Spotify vs. Rdio
I've been asked "Spotify vs. Rdio" repeatedly. People also know me as a Rdio advocate. I've been a loyal Rdio user for a long time and got dozens to signup. When their app came out I was ecstatic and told everyone I knew about the app and yet another reason to get Rdio. Recently though Spotify came to the US as you probably know (or else why are you reading this post?). At first I was extremely skeptical and thought it was just a bunch of hype so naturally, being myself, I signed up and downloaded the app to prove everyone wrong. Unfortunately I was wrong. Yep, I said it, I was wrong. So, for once and for all, here's my opinion on the two.
I played with it for about a day trying to think of things wrong with it, but I couldn't. One awesome thing is that you can try it totally free. There a few ads here and there, but being able to listen to any song you want on demand for free for up to 20hrs is great. Rdio also has a free 7 day trial. Both are plenty of time to make a choice.
The other place Spotify kicks ass is the app for two reasons. First of all, the spotify app is much more slick and refined looking and best of all it's much more responsive. Rdio's app is just like the web site and I wouldn't be surprised if it's just some kind of copy and paste of the JS, HTML, and CSS with some minor Cocoa elements wrapping it. I've had some minor issues with responsiveness and hangs that I couldn't get out of. The Rdio app only supports Mac also. This is fine if you only work on a Mac, but although I'm on a Mac 75% of the time, I'm on Linux (Ubuntu) quite frequently and once in awhile on Windows. Spotify works on all of these platforms. Installing it on Ubuntu was easy even. It came as a .deb package. (NOTE: To use it on Linux you must use the Premium version of Spotify.)
Rdio's music selection has been increasing fast. It has a lot, if not most, of the music I listen to and I listen to some obscure bands. I'm into punk and metal mostly and some indie bands. For example, Spotify had Defiance, Ohio, Fugazi, and Greydon Square where Rdio said they couldn't ever get those bands. Defiance, Ohio is a completely label and copyright free band and Rdio said it's against their rules to have music without a label or copyright. Rdio had a few bands that weren't on Spotify (such as American Distress), but Spotify clearly won.
Although I don't use it since I use Google Music, Spotify also supports syncing your iPod, iPhone, or Android device with your local music and basically replaces iTunes. It's nice not having two different apps for it. You can also listen to your local music in Spotify. Rdio doesn't do this at all.
One of my absolute favorite features tho of Spotify and Rdio both is syncing to your device for offline play. Both mobile apps work great in my experience and both are easy to use. Spotify has a feature Rdio doesn't though. Spotify lets you keep music for offline play on your computer as well. This is an awesome feature for me because I'm in places without internet quite often. Just recently I was at the Oregon Coast and while the hotel we stayed at had internet it was too slow to do anything. I couldn't even check my Google+. I was able to play my favorite music still with the offline play.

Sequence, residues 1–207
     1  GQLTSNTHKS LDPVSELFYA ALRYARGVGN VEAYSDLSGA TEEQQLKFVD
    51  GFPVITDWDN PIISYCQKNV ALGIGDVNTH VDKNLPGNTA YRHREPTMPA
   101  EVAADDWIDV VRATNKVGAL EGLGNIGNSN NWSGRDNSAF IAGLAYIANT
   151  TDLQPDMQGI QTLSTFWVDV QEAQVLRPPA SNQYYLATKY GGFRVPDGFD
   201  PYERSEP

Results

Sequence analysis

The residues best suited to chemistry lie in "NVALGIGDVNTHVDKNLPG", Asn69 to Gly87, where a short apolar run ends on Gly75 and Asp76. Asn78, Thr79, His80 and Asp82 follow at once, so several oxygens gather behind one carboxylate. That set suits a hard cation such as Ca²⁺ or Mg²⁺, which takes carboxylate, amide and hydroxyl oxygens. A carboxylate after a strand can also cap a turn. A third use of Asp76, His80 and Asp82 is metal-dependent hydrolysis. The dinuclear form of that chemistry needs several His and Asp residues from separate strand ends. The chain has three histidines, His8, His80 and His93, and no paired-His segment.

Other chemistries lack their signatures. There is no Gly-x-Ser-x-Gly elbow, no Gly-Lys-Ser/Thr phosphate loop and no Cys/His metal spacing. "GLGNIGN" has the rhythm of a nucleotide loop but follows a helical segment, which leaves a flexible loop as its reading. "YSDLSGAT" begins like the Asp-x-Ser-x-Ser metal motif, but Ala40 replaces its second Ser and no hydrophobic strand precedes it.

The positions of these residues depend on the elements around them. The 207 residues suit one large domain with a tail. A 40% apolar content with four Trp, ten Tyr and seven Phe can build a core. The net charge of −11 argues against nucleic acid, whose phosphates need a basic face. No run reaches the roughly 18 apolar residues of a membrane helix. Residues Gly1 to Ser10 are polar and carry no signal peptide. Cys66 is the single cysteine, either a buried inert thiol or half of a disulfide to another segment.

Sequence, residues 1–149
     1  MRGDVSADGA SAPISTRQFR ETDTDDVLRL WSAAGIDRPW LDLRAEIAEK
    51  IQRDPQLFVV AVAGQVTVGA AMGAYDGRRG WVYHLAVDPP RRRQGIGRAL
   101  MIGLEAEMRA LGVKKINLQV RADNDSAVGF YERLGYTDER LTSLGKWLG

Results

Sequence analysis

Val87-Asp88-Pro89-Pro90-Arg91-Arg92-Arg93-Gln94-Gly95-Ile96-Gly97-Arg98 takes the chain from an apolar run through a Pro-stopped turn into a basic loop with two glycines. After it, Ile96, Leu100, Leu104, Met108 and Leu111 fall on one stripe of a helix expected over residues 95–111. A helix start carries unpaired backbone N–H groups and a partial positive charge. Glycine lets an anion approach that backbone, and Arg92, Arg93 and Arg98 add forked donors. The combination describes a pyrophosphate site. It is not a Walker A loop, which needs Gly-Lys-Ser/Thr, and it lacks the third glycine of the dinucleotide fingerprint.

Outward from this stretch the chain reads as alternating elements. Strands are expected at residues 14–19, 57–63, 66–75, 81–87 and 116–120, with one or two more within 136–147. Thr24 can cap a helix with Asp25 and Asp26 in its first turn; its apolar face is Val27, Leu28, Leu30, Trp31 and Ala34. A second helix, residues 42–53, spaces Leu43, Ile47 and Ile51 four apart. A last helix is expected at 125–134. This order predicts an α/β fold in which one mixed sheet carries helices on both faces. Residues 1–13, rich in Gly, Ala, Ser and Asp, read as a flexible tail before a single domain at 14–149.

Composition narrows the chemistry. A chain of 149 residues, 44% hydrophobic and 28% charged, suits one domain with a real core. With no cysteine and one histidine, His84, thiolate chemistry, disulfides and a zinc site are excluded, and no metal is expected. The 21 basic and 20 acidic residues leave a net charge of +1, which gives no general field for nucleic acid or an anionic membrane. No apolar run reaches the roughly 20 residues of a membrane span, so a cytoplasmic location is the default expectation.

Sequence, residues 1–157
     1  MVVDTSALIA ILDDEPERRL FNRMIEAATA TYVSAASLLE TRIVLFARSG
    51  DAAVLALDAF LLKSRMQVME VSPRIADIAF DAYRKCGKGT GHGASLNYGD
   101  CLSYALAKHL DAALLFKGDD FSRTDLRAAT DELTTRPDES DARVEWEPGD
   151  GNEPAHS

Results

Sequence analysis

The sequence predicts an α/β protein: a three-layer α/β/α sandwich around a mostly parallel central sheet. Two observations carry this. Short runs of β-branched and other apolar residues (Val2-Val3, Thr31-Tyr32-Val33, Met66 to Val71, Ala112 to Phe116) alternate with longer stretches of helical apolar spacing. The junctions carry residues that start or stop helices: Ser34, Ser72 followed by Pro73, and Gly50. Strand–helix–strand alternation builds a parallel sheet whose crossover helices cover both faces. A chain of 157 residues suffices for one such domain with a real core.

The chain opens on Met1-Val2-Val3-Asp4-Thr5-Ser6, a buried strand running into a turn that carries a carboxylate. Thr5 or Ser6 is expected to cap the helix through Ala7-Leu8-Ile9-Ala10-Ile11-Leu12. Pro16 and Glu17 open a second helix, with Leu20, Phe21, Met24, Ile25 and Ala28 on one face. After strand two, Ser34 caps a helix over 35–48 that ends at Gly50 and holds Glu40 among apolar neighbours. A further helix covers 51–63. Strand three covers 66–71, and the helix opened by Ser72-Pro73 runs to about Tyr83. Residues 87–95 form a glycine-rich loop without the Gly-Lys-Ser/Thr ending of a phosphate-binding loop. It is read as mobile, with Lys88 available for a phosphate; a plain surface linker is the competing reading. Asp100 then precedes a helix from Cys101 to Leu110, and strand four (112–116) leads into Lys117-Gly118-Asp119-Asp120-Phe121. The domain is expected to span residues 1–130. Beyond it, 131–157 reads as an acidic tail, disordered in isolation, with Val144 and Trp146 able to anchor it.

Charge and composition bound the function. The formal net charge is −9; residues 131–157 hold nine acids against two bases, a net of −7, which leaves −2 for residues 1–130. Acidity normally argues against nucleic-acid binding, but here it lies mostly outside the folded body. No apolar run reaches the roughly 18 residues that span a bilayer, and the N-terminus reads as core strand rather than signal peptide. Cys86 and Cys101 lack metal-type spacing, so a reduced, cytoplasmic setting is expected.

It's not all bad for Rdio though. Rdio does beat Spotify in a couple of areas. It beats it at finding new music by far. You can look up a band in Spotify and get related artists, and it's pretty accurate, but you still have to think of a band to get related music for. Rdio has a nice little "Recommendations" screen where it gives you a bunch of recommendations based on bands. I actually have a hard time getting recommendations in Spotify.
Another thing I miss is the whole social aspect. Rdio is a social network in it's self. Spotify syncs to Facebook, but it's just not the same. You can see everything your friends do on Rdio from their listening history, syncs to their mobile device, and adds to their collections. You can also comment and rate albums, artists, and even songs. I miss that a lot.
A smaller missed feature with Spotify is that you can't listen online. I share music with friends and family a lot and i've given demos of Rdio online to a lot of people which makes it easy to get to people to try something. It's also nice to just be able to use any computer even if you're at a friends place or even a public space like a library to access your music.
In the end I decided to go with (drum roll...) Spotify. While the social aspect is great, and finding new music is much easier in Rdio, the smaller library of music and slicker app on top of the offline support for your computer pushed me to cancel Rdio and switch to Spotify. I'm sorry Rdio! If you can get a bigger library we might meet again.